WRITTEN BY BENNY L. KASS
Question: My wife and I own a house as “Tenants by the Entirety.” This is the second marriage for both of us, and we have children from the prior marriages. We have agreed that when one of us dies, the survivor will have the right to stay in the house as long as he or she lives, but when the survivor dies, half of the house will go to my children and the other half will go to her children. We have written simple Wills spelling out our intentions, but we are not sure the Wills are sufficient. Is there anything more we should be doing?
Answer: For all practical purposes, your Wills are meaningless and will probably not accomplish what you intend.
The legal concept of “Tenants by the Entirety” is reserved exclusively for a husband and wife. This means you both own the entire property as one entity. It is not divisible, and neither spouse can sell or in any way dispose of an interest in the property without the consent of the other owner, or by court order.
When one spouse dies, the other spouse automatically becomes the full owner of the entire property. This is what we lawyers call an act “by operation of law”. No probate is required under these circumstances.
There is nothing you can do in your Will to defeat this legal occurrence. More significantly, you should recognize that if one of you should die, the survivor — if he or she is so inclined — can change the terms of the Will, so as to defeat your joint and mutual purposes.
Needless to say, this is not a pleasant subject. But the fact remains that neither you nor your wife’s intentions may be carried out as you have currently structured your legal affairs. In many cases, all of the children will honor your wishes. Otherwise, you — or they — may get involved in a full blown court trial.
You should try to avoid a clash between the relatives. If your intention is to give half of the property to your children and half to your wife’s children, you may want to change the form of your house title from Tenants by the Entirety to a “Tenant in Common” relationship. Your lawyer can assist you in drafting the necessary papers, and the legal fee should be minimal. Since this would be a transfer “for love and affection,” without any other consideration, there should be no transfer or recordation tax required by the County or the State.
You should note, however, that if you hold property as Tenants in Common, on the death of one spouse it will be necessary to go to probate on that portion of the property previously owned by the deceased spouse. While this will add additional expense, it may be worth it to assure compliance with your desires. You can, however, consider creating and filing a deed pursuant to the “Deed on Death” law, if your state has enacted that law. Again, talk to your attorney.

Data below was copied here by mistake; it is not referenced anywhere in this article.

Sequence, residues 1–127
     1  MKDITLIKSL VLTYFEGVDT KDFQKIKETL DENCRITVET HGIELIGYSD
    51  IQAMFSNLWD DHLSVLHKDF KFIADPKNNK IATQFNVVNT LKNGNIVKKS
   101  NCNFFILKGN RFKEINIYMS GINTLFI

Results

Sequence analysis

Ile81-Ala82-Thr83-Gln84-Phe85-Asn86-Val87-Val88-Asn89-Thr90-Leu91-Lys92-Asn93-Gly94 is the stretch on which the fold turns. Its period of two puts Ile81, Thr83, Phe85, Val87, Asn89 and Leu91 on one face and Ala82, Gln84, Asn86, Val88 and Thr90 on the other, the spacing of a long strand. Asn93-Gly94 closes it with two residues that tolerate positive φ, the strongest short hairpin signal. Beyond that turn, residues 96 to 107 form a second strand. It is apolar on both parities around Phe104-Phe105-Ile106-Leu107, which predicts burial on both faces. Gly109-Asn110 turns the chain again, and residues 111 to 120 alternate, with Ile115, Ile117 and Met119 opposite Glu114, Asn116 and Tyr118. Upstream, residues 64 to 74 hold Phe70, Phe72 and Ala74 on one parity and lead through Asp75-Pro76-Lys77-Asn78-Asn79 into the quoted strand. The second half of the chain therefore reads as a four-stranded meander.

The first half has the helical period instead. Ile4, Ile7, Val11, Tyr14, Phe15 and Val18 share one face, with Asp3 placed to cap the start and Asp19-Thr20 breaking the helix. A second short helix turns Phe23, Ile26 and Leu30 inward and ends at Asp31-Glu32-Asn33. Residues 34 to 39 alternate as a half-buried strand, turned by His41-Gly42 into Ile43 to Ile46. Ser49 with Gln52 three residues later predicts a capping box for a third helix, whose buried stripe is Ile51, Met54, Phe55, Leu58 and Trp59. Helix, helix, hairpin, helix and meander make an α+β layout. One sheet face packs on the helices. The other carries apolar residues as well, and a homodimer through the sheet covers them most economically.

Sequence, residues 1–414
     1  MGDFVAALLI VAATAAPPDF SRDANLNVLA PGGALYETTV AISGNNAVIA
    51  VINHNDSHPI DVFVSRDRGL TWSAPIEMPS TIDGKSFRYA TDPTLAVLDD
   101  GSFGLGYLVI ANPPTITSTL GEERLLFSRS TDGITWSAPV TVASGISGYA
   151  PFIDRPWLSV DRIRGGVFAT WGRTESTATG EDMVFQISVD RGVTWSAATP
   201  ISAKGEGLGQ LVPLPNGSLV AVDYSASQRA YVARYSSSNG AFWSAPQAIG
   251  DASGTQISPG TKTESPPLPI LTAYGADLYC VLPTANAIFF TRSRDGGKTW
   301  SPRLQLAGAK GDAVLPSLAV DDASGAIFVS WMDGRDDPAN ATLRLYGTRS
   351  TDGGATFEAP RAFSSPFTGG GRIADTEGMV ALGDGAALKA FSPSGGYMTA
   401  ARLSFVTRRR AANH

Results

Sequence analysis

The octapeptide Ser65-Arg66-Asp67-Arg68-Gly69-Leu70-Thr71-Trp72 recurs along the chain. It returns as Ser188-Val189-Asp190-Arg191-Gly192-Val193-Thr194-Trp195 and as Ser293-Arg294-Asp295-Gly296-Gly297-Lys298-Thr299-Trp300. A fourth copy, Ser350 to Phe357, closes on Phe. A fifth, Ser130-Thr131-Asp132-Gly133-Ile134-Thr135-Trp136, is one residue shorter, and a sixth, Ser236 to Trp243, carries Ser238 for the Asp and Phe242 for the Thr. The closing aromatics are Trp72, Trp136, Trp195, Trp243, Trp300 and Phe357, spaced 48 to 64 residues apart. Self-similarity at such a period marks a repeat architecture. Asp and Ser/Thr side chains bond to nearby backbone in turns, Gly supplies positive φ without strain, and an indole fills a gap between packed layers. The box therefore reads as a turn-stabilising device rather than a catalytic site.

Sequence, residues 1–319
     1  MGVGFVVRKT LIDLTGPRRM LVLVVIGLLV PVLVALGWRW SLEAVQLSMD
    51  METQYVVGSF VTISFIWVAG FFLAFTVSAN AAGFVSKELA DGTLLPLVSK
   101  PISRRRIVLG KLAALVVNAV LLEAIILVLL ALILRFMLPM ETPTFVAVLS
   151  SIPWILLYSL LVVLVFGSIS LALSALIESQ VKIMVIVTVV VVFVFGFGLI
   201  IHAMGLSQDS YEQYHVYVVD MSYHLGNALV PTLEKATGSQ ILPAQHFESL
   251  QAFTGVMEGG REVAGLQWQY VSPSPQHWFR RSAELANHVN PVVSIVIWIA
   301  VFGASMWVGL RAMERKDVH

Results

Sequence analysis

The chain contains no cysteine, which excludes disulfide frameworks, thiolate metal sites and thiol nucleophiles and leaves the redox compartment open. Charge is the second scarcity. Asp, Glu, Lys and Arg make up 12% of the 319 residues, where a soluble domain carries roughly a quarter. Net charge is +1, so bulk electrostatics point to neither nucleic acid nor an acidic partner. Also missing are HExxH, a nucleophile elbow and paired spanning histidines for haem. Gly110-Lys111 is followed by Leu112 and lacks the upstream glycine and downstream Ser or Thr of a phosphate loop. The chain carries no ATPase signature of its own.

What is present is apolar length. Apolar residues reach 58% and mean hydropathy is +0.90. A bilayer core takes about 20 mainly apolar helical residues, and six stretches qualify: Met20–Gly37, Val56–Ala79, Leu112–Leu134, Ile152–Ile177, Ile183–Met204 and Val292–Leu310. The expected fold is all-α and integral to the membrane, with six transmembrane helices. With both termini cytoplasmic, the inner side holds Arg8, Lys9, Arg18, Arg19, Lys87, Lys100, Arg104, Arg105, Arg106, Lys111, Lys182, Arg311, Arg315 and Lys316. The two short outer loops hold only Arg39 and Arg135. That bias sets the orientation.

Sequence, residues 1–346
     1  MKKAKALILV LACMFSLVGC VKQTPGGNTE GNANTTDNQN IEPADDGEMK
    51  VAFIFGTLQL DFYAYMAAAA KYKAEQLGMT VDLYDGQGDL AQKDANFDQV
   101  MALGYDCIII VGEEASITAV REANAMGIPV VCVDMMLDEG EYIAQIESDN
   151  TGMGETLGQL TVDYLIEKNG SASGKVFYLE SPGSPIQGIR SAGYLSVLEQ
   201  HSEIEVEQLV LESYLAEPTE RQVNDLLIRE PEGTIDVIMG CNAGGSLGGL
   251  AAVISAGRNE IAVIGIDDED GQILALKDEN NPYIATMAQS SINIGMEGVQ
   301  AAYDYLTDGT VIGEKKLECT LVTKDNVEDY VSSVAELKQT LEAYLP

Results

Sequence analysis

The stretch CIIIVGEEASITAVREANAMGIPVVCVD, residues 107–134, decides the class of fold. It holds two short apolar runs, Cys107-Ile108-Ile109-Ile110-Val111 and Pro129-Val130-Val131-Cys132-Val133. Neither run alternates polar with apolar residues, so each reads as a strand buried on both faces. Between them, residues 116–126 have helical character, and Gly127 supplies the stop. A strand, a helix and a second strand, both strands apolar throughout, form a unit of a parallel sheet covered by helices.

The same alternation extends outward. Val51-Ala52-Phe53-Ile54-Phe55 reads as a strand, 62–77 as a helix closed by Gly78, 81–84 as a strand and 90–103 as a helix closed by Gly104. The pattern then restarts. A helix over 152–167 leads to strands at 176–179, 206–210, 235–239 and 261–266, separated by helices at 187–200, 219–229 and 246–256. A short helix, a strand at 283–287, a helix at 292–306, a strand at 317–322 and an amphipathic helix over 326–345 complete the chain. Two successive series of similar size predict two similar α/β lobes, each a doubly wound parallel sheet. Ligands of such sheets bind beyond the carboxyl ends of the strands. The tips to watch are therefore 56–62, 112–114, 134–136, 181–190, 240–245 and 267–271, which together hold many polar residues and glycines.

Additionally, you should prepare new Wills, giving your spouse a life estate in the property. Keep in mind there are potential issues involved with a life estate, such as who will pay the mortgage and the real estate tax, and what happens if the house has to be sold to pay for the health care of the survivor.
How old are your children? If they are minors, have you designated a guardian? Have you established a trust arrangement, so that the property goes in trust until the children reach the age you will be comfortable with their taking over the responsibilities of property ownership. If you have more than one child, have you adequately protected both of them? And, perhaps, of most importance, have you adequately protected your spouse’s interest in having the use of the entire property until his or her death?
Additionally, do you have a durable power of attorney, authorizing someone to handle your health and financial matters should you become incapacitated and unable to take care of your own affairs? Without such a power of attorney, your children and/or your spouse may have to spend a lot of unnecessary money getting a court to appoint a legal guardian and conservator.
You may also want to consider transferring the property now to a revocable trust for the use and enjoyment of the property on the death of you or your spouse. The taxable consequences of having an estate can be significant, and you should seriously consider discussing your entire estate planning with a competent estate counselor.
This is an area that most of us shy away from. Yet, if you have not adequately protected your estate and spelled out your intentions, it may very well be that a judge and a court — and the Internal Revenue Service — will make the decisions for you.
There is an old expression that “where there is a Will, there are relatives”. Proper and early planning is critical.